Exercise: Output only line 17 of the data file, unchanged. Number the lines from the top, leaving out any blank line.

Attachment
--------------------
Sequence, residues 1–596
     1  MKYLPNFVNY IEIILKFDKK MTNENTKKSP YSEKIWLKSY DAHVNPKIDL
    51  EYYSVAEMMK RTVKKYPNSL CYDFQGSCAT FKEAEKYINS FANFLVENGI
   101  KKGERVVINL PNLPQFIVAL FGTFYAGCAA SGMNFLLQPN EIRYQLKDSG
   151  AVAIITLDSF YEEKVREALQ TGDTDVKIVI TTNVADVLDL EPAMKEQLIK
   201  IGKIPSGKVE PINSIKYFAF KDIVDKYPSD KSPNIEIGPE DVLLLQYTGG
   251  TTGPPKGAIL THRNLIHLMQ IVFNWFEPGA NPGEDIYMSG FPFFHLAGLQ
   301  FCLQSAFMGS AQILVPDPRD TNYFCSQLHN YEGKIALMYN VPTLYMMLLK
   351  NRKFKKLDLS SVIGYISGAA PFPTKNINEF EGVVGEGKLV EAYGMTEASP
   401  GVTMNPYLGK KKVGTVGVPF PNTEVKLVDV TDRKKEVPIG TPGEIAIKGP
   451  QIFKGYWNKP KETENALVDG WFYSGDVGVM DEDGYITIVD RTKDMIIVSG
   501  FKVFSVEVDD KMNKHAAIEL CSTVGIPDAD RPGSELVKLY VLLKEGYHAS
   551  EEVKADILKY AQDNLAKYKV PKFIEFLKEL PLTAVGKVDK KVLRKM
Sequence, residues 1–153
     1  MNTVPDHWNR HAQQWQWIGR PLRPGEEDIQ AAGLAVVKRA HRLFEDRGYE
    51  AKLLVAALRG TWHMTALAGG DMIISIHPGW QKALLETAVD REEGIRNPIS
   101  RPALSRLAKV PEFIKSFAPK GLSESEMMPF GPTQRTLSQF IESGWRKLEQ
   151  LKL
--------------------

   101  RPALSRLAKV PEFIKSFAPK GLSESEMMPF GPTQRTLSQF IESGWRKLEQ